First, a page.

Weaving an open redistribution research journal

## of march, 2024

My back hurts. My sister the witch says that it’s because my ancestors are pulling me. That I have to turn around and tell them: Chill, ancestors. Don’t pull, I’m here, doing the work.

The work is to heal a trauma that is intergenerational, intercontinental, interspecies. It’s a lot, and it hurts, so chill, I’m here going slow.

Remembering my ancestors from Asia, I started sleeping very close to the ground.
Remembering my ancestors from the Americas, I started to pray in every full moon.
Remembering my ancestors from Africa, I started to dance with the monster.
The monster is the science of my ancestors from Europe.

Bayo Akomolafe tells a story about Èṣù, the trickster in the cosmovision that Bayo inherited from his Yoruba ancestors.

One day they saw a slaver ship coming close to the coast, and Ogun, the orisha of war, organized an army to intercept them. Èṣù got in the way of this army and made them all to fall asleep, allowing the invasion of their land and the slavery of their people. Èṣù traveled to America as a fugitive in the ship with slavers and slaves.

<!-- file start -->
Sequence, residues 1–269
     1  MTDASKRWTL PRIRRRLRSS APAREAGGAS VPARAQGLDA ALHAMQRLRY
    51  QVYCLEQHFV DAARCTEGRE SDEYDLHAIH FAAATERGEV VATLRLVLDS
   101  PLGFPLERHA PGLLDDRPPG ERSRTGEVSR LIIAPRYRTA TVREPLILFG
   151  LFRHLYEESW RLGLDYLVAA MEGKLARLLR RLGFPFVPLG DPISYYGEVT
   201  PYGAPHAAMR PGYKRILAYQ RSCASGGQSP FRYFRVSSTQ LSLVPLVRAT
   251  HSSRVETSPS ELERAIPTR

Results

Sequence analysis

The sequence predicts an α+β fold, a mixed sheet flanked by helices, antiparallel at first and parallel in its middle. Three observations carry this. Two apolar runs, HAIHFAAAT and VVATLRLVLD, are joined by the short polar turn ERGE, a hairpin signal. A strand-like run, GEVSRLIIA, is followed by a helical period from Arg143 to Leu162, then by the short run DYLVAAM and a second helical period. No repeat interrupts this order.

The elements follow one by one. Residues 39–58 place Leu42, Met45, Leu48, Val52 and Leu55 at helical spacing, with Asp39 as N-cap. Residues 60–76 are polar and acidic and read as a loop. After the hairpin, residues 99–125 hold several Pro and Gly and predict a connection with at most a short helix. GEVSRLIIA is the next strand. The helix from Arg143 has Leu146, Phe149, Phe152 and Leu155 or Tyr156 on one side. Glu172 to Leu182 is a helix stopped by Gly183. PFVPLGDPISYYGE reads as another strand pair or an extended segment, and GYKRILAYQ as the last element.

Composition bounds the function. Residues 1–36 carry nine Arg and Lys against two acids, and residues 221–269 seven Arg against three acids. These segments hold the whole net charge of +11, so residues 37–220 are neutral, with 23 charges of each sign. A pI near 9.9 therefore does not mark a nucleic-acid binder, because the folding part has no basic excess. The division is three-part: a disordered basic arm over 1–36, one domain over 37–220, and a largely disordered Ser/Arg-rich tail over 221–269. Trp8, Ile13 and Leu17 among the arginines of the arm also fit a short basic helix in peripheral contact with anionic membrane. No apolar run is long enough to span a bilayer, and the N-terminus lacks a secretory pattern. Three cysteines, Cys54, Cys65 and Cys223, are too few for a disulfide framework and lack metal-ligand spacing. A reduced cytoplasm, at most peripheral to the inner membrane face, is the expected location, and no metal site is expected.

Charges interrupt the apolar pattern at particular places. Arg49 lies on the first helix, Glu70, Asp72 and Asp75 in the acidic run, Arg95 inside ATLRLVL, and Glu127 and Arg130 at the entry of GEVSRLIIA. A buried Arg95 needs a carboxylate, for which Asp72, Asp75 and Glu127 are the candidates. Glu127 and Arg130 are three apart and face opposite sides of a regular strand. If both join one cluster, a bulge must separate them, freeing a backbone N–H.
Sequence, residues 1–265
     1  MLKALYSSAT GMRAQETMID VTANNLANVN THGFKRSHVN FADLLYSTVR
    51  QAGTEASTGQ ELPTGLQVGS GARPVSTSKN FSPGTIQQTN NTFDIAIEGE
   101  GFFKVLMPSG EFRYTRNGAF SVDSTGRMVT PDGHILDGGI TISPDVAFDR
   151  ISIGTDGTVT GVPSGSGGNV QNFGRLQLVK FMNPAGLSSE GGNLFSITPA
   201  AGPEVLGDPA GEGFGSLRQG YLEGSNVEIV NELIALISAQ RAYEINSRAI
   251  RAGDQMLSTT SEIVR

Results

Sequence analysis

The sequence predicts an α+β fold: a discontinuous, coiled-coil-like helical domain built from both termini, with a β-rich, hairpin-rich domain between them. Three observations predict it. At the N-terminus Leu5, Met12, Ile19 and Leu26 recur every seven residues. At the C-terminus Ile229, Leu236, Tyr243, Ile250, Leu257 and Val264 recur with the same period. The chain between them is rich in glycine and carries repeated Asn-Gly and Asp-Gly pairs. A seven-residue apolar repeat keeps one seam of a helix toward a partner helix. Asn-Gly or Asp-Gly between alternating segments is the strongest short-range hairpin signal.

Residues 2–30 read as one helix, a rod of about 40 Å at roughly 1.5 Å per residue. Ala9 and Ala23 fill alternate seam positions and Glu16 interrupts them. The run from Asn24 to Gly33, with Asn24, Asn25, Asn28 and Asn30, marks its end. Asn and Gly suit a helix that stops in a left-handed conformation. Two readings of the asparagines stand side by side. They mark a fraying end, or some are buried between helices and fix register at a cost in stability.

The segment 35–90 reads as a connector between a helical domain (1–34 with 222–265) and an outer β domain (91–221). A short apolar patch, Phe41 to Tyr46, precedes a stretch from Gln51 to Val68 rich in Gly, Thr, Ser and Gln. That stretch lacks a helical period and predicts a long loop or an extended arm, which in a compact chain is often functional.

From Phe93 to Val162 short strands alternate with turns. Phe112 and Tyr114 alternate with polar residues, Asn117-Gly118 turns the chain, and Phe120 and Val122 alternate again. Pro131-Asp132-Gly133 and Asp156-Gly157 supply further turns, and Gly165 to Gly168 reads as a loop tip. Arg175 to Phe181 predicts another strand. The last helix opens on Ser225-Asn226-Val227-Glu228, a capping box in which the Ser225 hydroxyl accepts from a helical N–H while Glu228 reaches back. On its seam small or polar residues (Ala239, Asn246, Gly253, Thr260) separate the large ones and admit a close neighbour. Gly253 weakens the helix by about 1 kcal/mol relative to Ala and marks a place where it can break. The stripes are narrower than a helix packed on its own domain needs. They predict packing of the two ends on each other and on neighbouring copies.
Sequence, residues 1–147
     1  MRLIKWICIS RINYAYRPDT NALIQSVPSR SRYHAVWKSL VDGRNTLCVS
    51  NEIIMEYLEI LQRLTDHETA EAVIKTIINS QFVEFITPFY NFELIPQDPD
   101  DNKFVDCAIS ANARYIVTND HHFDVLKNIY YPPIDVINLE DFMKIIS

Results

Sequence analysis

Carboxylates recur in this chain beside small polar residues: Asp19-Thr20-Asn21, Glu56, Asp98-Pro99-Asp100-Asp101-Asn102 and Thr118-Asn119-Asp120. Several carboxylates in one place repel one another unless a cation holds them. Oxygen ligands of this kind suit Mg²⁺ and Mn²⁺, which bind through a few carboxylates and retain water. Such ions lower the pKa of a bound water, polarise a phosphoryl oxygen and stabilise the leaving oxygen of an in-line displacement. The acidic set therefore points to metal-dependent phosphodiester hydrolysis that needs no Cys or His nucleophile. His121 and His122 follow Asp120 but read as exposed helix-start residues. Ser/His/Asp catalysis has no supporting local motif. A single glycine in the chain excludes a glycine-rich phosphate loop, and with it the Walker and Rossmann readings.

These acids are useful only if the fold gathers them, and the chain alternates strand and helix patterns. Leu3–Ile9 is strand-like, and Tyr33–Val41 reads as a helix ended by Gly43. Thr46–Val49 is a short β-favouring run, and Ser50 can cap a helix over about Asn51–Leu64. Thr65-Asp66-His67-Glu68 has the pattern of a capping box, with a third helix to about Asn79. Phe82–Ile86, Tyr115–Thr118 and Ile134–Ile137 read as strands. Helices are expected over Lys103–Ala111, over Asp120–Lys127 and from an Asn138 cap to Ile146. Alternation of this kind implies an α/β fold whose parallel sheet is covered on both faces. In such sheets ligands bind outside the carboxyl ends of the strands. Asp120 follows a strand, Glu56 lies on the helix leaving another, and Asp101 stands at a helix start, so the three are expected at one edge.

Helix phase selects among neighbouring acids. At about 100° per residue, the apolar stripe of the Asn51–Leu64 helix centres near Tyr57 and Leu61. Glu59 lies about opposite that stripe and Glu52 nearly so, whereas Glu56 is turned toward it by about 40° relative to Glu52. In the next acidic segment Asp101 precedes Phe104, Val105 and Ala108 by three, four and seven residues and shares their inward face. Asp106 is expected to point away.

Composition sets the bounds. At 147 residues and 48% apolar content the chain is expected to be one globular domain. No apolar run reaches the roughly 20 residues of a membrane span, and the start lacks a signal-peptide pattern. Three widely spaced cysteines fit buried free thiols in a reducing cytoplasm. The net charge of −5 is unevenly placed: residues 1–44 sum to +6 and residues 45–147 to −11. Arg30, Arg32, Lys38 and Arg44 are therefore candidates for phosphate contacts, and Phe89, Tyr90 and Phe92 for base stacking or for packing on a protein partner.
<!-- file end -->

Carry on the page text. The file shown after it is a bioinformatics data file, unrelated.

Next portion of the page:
This is a story of pain that comes from before. I see Bayo rewriting it, helping me to see the importance of those who inhabit the crossroads. This is a dance of contradictions. Bayo feels it on his body, he looks behind, cries and makes an offering. He teaches me to thank Èṣù for the creolization of the american continent. Èṣù brough this dance to us.

These contradictions live on my body. They hurt. I turn around and see the Buddha, Èṣù, Carl Sagan, Pachamama. This is the crossroads of the 4 directions and the 4 colors that my ancestors prepared for me. Their lives inform mine. I don’t walk alone, we are all dancing with the monster.

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